Purpose of this blog

Dmitry Yudo aka Overlord, jack of all trades
David Lister aka Listy, Freelancer and Volunteer

Sunday, January 22, 2017

Giant ME

At the start of the war the Mediterranean was an Italian lake, however as the war progressed the Allied forces began to claw control back. This became an increasing problem for the German Afrika corps, battered on land by the 8th Army, then attacked from behind by the US forces through Algeria. As the Afrika corps collapsed back to Tunisia their supply lines dried up. It was at that point to solve at least one of their troubles the Germans decided to set up an air bridge to Tunisia and supply their forces that way. Unbowed by their failure the previous year at Stalingrad to create a sustainable air bridge, they would try again. After all this time the clear skies of the Med wouldn't cripple them like the harsh Eastern Front weather. Plus they had support from the Italian Air Force and new equipment, in the shape of the gigantic Messerschmitt Me 323. This aircraft was a Me 321 glider with six engines attached and it was a whopping 29 meters long with a 55 meter wingspan. It could carry over a company of troops or up to twelve tons of materiel.
Haystack for scale!
Not unsurprisingly the Allies had spotted the importance of the Med and were putting pressure on the logistics corridor. Naval and air units were cutting where possible enemy shipping and air supply lines. This was called Operation Flax.

On April 18th 1943, which was also Palm Sunday, a large flight of Ju 52's (around sixty five in number) was returning from unloading its supplies in Tunisia. I say around as some of these planes were Italian SM.79 bombers that had been pressed into the transport role. The swarm of transports was at just 100 ft as it plodded home late in the day. As they neared the coast they were spotted by allied fighters, 47 P-40 Kittyhawks of the USAAF's 57th Fighter Group were at 4000 feet, and dove onto the vulnerable transports. Some reports say that passengers opened windows and fired small arms at the attackers. However this could have just been normal defensive guns or the SM.79's firing back.
In a very short order thirty one Ju 52's were hacked out of the sky, with a further three being badly damaged, six damaged, and finally three just lightly damaged. One account says that large sections of the sea were a raging inferno from so many crashed Ju 52's. There's also reports that some passengers waited until the plane was near the sea before jumping, hoping to survive.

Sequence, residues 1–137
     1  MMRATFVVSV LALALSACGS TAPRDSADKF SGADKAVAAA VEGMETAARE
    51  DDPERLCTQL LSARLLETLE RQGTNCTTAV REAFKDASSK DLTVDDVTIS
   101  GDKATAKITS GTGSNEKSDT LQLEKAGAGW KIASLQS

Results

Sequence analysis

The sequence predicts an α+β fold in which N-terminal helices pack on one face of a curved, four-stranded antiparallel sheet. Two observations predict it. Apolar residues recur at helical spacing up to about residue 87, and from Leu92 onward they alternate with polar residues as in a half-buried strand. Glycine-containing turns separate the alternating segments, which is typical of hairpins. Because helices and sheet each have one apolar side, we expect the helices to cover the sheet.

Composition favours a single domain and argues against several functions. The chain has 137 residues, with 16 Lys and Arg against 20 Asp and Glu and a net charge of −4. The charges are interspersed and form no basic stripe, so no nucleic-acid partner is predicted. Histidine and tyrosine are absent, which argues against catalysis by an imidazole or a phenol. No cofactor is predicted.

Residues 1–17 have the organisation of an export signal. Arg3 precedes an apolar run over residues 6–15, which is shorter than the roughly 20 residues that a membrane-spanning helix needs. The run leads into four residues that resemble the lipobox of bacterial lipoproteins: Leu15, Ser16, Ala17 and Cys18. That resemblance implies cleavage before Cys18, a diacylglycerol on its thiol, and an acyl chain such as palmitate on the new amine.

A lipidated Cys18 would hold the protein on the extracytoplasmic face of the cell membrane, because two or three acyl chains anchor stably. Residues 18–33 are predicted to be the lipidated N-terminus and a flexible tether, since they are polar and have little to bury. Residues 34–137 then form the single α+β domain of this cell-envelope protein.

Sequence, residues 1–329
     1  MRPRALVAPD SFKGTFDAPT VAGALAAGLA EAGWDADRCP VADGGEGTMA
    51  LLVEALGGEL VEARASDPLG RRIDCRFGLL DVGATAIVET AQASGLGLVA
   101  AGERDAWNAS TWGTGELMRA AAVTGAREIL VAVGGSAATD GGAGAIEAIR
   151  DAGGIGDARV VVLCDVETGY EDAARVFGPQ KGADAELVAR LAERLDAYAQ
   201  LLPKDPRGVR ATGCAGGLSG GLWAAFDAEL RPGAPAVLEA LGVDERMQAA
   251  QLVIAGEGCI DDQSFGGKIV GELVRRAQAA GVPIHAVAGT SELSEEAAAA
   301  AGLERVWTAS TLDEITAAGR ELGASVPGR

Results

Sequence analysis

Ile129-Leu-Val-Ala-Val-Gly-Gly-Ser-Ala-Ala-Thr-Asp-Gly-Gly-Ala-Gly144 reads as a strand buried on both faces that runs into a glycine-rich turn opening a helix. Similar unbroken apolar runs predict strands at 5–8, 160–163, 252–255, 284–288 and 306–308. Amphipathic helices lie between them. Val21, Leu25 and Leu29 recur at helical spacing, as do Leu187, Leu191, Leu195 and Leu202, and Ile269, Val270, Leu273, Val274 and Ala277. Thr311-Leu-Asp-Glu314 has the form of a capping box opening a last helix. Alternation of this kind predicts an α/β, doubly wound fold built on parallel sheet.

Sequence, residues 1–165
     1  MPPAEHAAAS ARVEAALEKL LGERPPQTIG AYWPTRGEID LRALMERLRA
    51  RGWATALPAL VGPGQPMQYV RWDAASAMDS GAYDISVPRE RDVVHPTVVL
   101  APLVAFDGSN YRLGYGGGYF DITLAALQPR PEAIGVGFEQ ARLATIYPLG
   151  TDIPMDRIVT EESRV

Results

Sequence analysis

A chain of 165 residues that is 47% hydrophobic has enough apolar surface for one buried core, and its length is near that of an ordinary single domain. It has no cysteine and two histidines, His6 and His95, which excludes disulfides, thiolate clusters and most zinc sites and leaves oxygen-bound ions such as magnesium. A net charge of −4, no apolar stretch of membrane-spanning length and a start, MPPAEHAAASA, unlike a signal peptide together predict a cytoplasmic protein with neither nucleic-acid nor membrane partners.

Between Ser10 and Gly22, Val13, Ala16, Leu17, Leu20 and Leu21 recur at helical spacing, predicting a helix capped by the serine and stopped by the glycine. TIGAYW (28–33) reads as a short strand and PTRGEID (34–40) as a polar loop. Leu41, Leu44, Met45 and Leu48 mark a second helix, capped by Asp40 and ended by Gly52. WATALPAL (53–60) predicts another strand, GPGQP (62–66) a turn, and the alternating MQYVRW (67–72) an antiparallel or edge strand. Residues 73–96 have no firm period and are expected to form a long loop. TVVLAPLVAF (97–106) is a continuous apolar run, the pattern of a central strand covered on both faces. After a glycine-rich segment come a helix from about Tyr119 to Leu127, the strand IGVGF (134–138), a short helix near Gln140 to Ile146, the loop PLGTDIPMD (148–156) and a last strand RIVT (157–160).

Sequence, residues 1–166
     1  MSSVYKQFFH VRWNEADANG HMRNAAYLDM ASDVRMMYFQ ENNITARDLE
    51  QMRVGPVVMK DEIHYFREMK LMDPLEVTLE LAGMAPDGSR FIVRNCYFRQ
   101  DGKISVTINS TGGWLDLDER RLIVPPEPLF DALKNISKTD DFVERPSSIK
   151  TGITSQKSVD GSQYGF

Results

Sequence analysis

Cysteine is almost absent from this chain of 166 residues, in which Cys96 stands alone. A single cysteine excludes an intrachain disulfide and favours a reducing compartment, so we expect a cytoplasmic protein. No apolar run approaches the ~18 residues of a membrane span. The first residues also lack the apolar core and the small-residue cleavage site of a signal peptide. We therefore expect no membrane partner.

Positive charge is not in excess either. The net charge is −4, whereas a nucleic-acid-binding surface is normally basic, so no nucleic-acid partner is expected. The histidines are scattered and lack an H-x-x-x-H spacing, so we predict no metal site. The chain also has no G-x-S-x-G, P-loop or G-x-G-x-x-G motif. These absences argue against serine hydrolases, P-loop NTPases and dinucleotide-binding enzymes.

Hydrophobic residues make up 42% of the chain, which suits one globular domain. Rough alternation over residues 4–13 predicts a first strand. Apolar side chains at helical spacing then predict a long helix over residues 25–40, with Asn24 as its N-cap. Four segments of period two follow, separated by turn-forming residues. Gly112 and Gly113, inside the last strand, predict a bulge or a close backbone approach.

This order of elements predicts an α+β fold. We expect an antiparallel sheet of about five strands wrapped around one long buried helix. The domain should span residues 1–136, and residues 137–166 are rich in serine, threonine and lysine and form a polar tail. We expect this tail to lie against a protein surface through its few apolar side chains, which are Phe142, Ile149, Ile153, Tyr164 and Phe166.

The transports were not without cover, about twenty Axis fighters were providing protection. These were a mix of Me 110's, Bf 109's and some Italian aircraft. However between them and the Kittyhawks stooping on their transports was a flight of twelve British Spitfires flying top cover. The two forces soon tangled, and a swirling dogfight ensued. As the dogfight fell through the sky it soon mixed itself with the Kittyhawks attacking the transports. This resulted in a fifteen minute fight. At the end of the battle the Germans had lost another ten or so fighters, the Allies in return had lost seven fighters.

The next attempt at an air bridge was the following day, this time the Me 323's were into the breech. However this time the mission went off without an enemy contact.
Three days later on the 22nd the Luftwaffe tried the Me 323's again, departing at 0710 the fourteen transports struggled into the air heavily loaded with fuel and ammunition. They met with a flight of Ju 52's and a large fighter escort. As they crossed the Med the Me 323's peeled off and set a course for a place called Cap Bon. This was contrary to orders as the area was considered extremely dangerous, and went against the planned route. Despite this thirty nine Bf 109's went with them.
As the lumbering giants approached Cap Bon on the Tunisian coast the Allied air forces appeared. The mix of South African, Polish and British piloted Spitfires and Kittyhawks appeared in two groups. One engaged the fighters, forcing them away, the others swarmed into the all but defenceless Me 323's. Most were shot down in very short order, with several pilots claiming multiple kills.

This massacre caused the halt of the German relief efforts, although a "gunship" version of the Me 323 was envisaged bristling with guns to provide cover for the transports. Allied intelligence had been the key. A spy in Italy had a radio transmitter hidden in a church tower and from there he could see the German transports taking off. As he radioed that message through to the Allies there was a short space of time before the German giants would appear near Tunisia, and so the Allies could be waiting for them. On the day of the Me 323's last flight, the radio transmitter was discovered, but by then it was too late.
Gunship version?

Image credits:
www.lonesentry.com, www.worldwarphotos.info and www.luftarchiv.de